Kane Farabaugh is the Midwest Correspondent for Voice of America, where since 2008 he has established Voice of America's presence in the heartland of America.

    Featured Videos

    Your JavaScript is turned off or you have an old version of Adobe's Flash Player. Get the latest Flash player.
    Chinese-Americans Heart Trump, Bucking National Trendi
    X
    May 27, 2016 5:57 AM
    A new study conducted by three Asian-American organizations shows there are three times as many Democrats as there are Republicans among Asian-American voters, and they favor Hillary Clinton over Donald Trump. But one group, called Chinese-Americans For Trump, is going against the tide and strongly supports the business tycoon. VOA’s Elizabeth Lee caught up with them at a Trump rally and reports from Anaheim, California.
    Video

    Video Chinese-Americans Heart Trump, Bucking National Trend

    A new study conducted by three Asian-American organizations shows there are three times as many Democrats as there are Republicans among Asian-American voters, and they favor Hillary Clinton over Donald Trump. But one group, called Chinese-Americans For Trump, is going against the tide and strongly supports the business tycoon. VOA’s Elizabeth Lee caught up with them at a Trump rally and reports from Anaheim, California.
    Video

    Video Reactions to Trump's Success Polarized Abroad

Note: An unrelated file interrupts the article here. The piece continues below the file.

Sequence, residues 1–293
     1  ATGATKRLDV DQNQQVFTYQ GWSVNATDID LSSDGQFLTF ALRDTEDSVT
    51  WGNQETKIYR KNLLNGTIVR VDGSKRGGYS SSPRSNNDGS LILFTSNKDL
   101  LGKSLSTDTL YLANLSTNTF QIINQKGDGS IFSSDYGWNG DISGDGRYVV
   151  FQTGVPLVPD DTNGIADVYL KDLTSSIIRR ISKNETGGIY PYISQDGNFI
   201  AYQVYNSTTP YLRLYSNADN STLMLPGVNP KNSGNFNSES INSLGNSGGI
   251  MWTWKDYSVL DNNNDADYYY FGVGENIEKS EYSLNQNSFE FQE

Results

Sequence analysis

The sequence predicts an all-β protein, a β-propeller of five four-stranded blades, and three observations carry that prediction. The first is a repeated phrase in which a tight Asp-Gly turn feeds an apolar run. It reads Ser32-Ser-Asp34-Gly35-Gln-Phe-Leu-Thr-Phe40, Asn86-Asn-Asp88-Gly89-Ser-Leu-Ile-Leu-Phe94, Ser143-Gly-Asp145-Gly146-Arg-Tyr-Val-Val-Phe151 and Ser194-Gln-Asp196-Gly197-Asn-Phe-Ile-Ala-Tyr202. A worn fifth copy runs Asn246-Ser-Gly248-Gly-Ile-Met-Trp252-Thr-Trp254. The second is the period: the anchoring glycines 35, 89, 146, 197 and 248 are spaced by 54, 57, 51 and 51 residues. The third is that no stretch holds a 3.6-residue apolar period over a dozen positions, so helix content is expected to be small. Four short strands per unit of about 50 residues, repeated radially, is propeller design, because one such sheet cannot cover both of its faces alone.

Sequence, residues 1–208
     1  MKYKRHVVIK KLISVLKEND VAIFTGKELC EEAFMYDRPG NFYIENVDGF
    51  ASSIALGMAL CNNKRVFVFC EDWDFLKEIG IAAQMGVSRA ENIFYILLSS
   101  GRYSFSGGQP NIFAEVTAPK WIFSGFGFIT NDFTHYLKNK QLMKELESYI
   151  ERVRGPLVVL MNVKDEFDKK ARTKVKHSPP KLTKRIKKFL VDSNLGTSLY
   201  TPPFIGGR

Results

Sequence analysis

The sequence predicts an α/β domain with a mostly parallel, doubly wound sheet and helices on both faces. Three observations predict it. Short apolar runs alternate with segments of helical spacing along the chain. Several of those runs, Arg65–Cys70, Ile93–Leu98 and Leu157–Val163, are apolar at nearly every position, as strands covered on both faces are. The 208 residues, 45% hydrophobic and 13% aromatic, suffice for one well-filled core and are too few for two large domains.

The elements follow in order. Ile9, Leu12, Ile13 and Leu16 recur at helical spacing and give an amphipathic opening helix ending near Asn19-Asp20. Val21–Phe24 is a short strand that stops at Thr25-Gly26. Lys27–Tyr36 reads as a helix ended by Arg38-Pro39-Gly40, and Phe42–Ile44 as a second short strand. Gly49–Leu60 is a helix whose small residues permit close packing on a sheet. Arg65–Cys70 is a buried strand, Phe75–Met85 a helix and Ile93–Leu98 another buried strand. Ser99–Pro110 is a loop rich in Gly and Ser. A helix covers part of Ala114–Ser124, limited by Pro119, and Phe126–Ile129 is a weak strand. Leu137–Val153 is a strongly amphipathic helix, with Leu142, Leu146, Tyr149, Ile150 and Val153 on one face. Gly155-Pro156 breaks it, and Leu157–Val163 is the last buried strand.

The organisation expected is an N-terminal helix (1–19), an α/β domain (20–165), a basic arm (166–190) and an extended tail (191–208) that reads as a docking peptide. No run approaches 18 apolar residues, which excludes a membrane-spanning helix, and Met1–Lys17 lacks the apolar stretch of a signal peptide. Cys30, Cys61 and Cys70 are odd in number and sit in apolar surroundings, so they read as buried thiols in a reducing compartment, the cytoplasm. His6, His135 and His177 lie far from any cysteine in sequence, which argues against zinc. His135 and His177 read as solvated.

What seemed impossible less than a year ago is now almost a certainty. New York real estate mogul Donald Trump has won the number of delegates needed to secure the Republican presidential nomination. The prospect has sparked as much controversy abroad as it has in the United States. Zlatica Hoke has more.
    Video

    Video Drawings by Children in Hiroshima Show Hope and Peace

    On Friday, President Barack Obama will visit Hiroshima, Japan, the first American president to do so while in office. In August 1945, the United States dropped an atomic bomb on the city to force Japan's surrender in World War II. Although their city lay in ruins, some Hiroshima schoolchildren drew pictures of hope and peace. The former students and their drawings are now part of a documentary called “Pictures from a Hiroshima Schoolyard.” VOA's Deborah Block has the story.
    Video

    Video Vietnamese Rapper Performs for Obama

    A prominent young Vietnamese artist told President Obama said she faced roadblocks as a woman rapper, and asked the president about government support for the arts. He asked her to rap, and he even offered to provide a base beat for her. Watch what happened.
    Video